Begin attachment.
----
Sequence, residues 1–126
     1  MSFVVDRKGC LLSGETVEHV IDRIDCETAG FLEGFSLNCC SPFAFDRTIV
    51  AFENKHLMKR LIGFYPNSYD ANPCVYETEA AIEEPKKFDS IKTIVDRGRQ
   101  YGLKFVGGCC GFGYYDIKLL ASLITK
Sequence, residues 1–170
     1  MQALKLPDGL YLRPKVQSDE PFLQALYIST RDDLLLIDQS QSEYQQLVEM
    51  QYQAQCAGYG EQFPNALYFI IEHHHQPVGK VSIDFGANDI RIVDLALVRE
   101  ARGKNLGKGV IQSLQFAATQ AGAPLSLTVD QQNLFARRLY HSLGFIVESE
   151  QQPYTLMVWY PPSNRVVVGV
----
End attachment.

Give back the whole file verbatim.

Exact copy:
Sequence, residues 1–126
     1  MSFVVDRKGC LLSGETVEHV IDRIDCETAG FLEGFSLNCC SPFAFDRTIV
    51  AFENKHLMKR LIGFYPNSYD ANPCVYETEA AIEEPKKFDS IKTIVDRGRQ
   101  YGLKFVGGCC GFGYYDIKLL ASLITK
Sequence, residues 1–170
     1  MQALKLPDGL YLRPKVQSDE PFLQALYIST RDDLLLIDQS QSEYQQLVEM
    51  QYQAQCAGYG EQFPNALYFI IEHHHQPVGK VSIDFGANDI RIVDLALVRE
   101  ARGKNLGKGV IQSLQFAATQ AGAPLSLTVD QQNLFARRLY HSLGFIVESE
   151  QQPYTLMVWY PPSNRVVVGV